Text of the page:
Original NASA ASRS Text
Title: PLT OF GA7 LANDS SHORT OF DESTINATION DUE TO FUEL STARVATION TO BOTH ENGINES.
Narrative: MY ACFT; A 1978 GRUMMAN AMERICAN GA-7 LIGHT TWIN GA ACFT; MADE AN OFF-ARPT LNDG ON A GRAVEL ROAD AS A RESULT OF FUEL STARVATION. NO INJURIES TO THE 3 OCCUPANTS. ALL 3 EXITED THE PLANE UPON LNDG. THE PLANE; HOWEVER; SUFFERED EXTENSIVE DAMAGE ON LNDG. ACFT WAS FUELED PRIOR TO DEPARTING ON THIS FLT. AT THE REFUELING; I SELECTED 30 GALLONS AS THE PURCHASED AMOUNT FROM THE SELF-SVC CREDIT CARD PAYMENT AUTOMATED FUEL PUMP. I INSTALLED 15 GALLONS; WATCHING THE METER; THEN FILLED THE OTHER TANK UNTIL THE PUMP AUTOMATICALLY SHUT OFF. (SUBSEQUENT REVIEW OF MY CREDIT CARD STATEMENT CONFIRMS A CHARGE OF $127 WHICH IS CONSISTENT WITH 30 GALLONS AT $4.25/GALLON.) AFTER ADDING THE 30 GALLONS; AND PRIOR TO ENG START; I CHKED THE FUEL LEVEL IN EACH TANK WITH A SELF-CALIBRATED DIPSTICK. THE INDICATIONS WERE THAT I HAD 32 GALLONS IN THE L TANK AND 25 GALLONS IN THE R TANK PRIOR TO ENG START. FUEL PLANNING CALLED FOR A 1 HR 45 MIN FLT TO MY DEST. THE POH FOR THE GA-7; BORNE OUT BY MY 120 HRS IN THE PLANE; CALLS FOR 15 GPH TOTAL FUEL BURN AT CRUISE PWR SETTINGS OF 24 INCHES/2400 RPM. INCLUDING TAXI; RUN-UP AND CLB; I WAS ESTIMATING 30 GALLONS OF FUEL BURN FOR THE LEG AND WOULD HAVE ABOUT 27 GALLONS AT LNDG. THAT WOULD BE SUFFICIENT FOR A DIVERSION IF NEED BE. I DID NOT REVIEW THE FUEL GAUGES ON THE PANEL PRIOR TO TKOF. I DEPENDED ON THE DIPSTICK; WHICH IS MY REGULAR METHOD. ONCE AIRBORNE; THE FUEL GAUGES ON THIS ACFT ARE 'BOUNCY.' FUEL MOVEMENT IN THE TANKS MAKES THE GAUGES MOVE AS MUCH AS 25%. YOU DON'T KNOW WHAT IS ACCURATE WITH THAT MUCH DISPLACEMENT. WHILE I DO ROUTINELY REVIEW THE GAUGES WHEN AIRBORNE; THAT IS MORE TREND MONITORING THAN ABSOLUTE INDICATION. ON THIS FLT; THE TREND DOWNWARD WAS HAPPENING FASTER THAN ANTICIPATED BUT I DID NOT BEGIN TO BECOME COGNIZANT OR CONCERNED OF THAT UNTIL PERHAPS 30 MINS PRIOR TO SCHEDULED LNDG. AT THAT POINT IN THE TRIP; TURNING BACK TO MY DIVERSION ARPTS WERE ABOUT AS FAR A DISTANCE AS CONTINUING TO THE DEST. I WAS NOT AWARE OF ANY OTHER ALTERNATIVE ARPTS. I REDUCED PWR AND DECREASED FUEL RICHNESS IN ORDER TO CONSERVE AND THEN LOST PWR IN THE L ENG ABOUT 7 MI FROM THE DEST. SHUT FUEL FLOW TO THAT ENG AND FEATHERED THE PROP IMMEDIATELY. FLEW ANOTHER 2 MI AND LOST PWR IN THE R ENG. WE WERE AT PATTERN ALT OF 900 FT AGL; 5.2 MI FROM THE ARPT; AND ABOUT 1 MI S OF THE RWY CTRLINE. I ANNOUNCED TO ZZZZ RADIO MY INTENTION TO LAND ON A GRAVEL ROAD THAT WAS WITHIN GLIDING DISTANCE AND GAVE MY APPROX LOCATION. DON'T RECALL IF I FEATHERED THE R PROP. LOWERED THE LNDG GEAR. FORGOT ABOUT USING FLAPS. REACHED THE 'THRESHOLD' OF THE ROAD AT ABOUT 100 FT AND 115 KIAS. USED UP THE LENGTH OF THE ROAD. PROBABLY WOULD HAVE MADE A GOOD LNDG IF I HAD REMEMBERED TO DEPLOY THE FLAPS OR NOT HAD FEATHERED ONE/BOTH ENGS. AT THE 'END' OF THE ROAD WAS AN APPROX 90 DEG L BEND IN THE ROAD. CONTINUING STRAIGHT WOULD HAVE CARRIED US INTO A STAND OF TALL TREES. DIDN'T CARE OR THAT OPTION. WAS OVER THE BEND AT ABOUT 15 FT AGL AND 50 KIAS. FIGURED THAT TRYING THE TURN THE BEND; WHICH WOULD PROVIDE ANOTHER LONG LENGTH OF STRAIGHT ROAD; WOULD CAUSE A WING STALL. SEEMED LIKE THE PREFERRED COURSE OF ACTION; AS OPPOSED TO HITTING TREES. INITIATED THE TURN (PERHAPS 60 DEG BANK) AND DIDN'T STALL; BUT DID BLEED OFF MOST OF THE REMAINING AIRSPD. THE PLANE SETTLED INTO A DITCH ADJACENT TO THE ROAD. L WINGTIP CONTACTED FIRST ON THE SHOULDER OF THE ROAD AND CAUSED A 90 DEG L ROTATION OF THE PLANE. THE PLANE SETTLED RIGHT SIDE UP; 90 DEGS ROTATED TO THE L AFTER ABOUT 50 FT OF SKIDDING. WE ALL IMMEDIATELY EXITED AND CALLED 911. ANOTHER INTERESTING THOUGHT IS THAT WITH ONE OR BOTH PROPS FEATHERED; APCH SPDS ARE MUCH HIGHER THAN ANY TRAINING FLT WITH ENG(S) IDLED AND PROPS WINDMILLING. IN MY TRAINING; NO FLT INSTRUCTOR EVER FEATHERED A PROP ON FINAL APCH. THEY ALL WANTED THE SAFETY OF A QUICK ENG START. WHEN IN REAL LIFE; THE PROPS ARE FEATHERED; THE WIND RESISTANCE IS DOWN DRAMATICALLY; AND THE APCH SPDS ARE HIGHER THAN PRACTICED. SO ALL OF THE 'MUSCLE MEMORY' IS INCORRECTLY CALIBRATED.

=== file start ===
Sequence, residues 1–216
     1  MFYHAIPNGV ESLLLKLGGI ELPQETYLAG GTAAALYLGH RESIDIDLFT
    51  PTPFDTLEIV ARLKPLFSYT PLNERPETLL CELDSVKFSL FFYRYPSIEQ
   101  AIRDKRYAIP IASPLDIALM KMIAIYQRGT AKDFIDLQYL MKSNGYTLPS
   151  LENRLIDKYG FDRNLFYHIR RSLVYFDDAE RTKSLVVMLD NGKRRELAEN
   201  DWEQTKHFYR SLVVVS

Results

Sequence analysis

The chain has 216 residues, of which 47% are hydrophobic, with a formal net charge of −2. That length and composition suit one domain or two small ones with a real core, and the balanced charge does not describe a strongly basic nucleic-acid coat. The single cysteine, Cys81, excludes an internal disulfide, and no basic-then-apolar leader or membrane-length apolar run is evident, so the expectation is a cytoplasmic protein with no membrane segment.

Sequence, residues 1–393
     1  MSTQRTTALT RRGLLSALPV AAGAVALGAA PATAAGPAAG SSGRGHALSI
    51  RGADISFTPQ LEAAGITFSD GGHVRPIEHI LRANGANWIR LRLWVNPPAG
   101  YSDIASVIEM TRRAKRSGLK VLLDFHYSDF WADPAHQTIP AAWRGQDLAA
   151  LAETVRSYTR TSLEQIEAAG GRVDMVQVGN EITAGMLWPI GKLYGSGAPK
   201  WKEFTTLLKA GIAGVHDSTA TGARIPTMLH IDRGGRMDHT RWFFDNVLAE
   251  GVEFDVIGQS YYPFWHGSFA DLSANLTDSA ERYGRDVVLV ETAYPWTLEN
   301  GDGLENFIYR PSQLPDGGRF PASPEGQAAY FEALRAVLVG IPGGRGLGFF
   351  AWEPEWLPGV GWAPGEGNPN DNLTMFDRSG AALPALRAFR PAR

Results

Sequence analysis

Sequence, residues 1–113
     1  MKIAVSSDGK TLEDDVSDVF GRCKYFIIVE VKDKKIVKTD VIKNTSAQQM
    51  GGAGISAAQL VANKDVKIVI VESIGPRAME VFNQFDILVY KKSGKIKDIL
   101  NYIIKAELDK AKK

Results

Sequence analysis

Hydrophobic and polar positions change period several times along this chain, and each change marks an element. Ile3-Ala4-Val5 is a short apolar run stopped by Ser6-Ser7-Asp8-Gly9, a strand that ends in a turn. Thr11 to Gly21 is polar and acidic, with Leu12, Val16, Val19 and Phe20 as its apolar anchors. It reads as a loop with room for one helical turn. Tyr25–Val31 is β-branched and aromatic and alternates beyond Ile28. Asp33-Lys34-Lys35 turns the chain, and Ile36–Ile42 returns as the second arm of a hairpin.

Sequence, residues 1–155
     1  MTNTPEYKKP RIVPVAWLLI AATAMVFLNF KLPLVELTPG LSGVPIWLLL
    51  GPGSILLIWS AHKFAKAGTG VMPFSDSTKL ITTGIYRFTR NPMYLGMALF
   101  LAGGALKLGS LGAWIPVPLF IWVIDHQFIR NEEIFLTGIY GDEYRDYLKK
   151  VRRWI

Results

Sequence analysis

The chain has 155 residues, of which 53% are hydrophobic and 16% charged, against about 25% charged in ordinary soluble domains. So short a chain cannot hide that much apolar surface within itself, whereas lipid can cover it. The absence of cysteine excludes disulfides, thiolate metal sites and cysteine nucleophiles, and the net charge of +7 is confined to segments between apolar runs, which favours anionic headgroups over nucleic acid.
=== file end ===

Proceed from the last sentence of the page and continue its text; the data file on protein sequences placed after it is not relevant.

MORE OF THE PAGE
Data retrieved from NASA's ASRS site as of May 2009 and automatically converted to unabbreviated mixed upper/lowercase text. This report is for informational purposes with no guarantee of accuracy. See NASA's ASRS site for official report.